One of the most central issues in the Philosophy of Western Religions is the existence of God; or, to put it more precisely, proving the existence of God. There are varied ways that Philosophers have gone about this, each with their own sets of criticisms. This Unit will run through some of the classical and modern examples of these forms of arguments.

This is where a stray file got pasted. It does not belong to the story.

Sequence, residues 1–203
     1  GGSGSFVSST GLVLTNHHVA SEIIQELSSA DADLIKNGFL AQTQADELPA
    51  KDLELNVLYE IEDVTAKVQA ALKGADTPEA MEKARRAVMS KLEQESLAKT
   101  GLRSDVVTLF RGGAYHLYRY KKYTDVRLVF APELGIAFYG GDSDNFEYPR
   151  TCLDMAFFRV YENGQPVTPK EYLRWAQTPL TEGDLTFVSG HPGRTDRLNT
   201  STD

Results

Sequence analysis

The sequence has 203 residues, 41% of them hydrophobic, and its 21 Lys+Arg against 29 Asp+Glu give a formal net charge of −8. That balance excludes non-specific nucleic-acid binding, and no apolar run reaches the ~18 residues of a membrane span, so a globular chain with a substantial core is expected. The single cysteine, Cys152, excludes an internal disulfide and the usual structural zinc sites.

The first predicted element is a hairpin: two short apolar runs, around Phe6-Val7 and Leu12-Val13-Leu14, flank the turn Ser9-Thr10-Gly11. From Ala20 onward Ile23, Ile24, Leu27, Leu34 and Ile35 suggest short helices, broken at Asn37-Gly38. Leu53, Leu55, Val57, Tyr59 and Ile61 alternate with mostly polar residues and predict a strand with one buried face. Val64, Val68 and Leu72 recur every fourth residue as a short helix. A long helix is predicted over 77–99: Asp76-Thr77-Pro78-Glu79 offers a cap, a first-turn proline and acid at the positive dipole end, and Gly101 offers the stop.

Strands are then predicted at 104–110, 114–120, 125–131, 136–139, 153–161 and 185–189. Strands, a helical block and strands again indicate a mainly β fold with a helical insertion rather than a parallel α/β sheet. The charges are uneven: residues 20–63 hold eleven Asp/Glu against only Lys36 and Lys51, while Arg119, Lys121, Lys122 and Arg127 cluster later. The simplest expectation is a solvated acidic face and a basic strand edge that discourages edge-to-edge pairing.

Chapter 8, The Ontological Argument & The Lost Island Objection by St. Anselm and Gaunilo of Marmoutiers (respectively), cover an interesting argument that attempts to prove God exists using pure reason while the other replies using an analogy to point out the problems with its line of reasoning. Chapter 9, The Cosmological Argument by St. Thomas Aquinas, covers what are collectively known as “Aquinas’ Five Ways,” the most important of which attempts to prove God’s existence by showing that God is the only reasonable way to explain the existence of the universe. Chapter 10, Objections to the Cosmological Argument by Fred Curry, covers the problems with the line of thinking used in Aquinas’ Cosmological Argument. Chapter 11, The Teleological Argument by William Paley, covers a classic argument in which Paley attempts to prove God’s existence through examining the complexities present in the universe. Chapter 12, Objections to the Teleological Argument, is a classic piece by the 18th century philosopher David Hume, where he responds to the claims made in teleological arguments. Chapter 13, Argument from Design, discusses one of the more popular modern approaches to prove the existence of God. Chapter 14, Criticisms of the Argument from Design, attempts to point out flaws in modern versions of the Argument from Design. Chapter 15, The Wager by Blaise Pascal, is a classic argument by the 17th century Philosopher about the importance of belief with regards to the afterlife.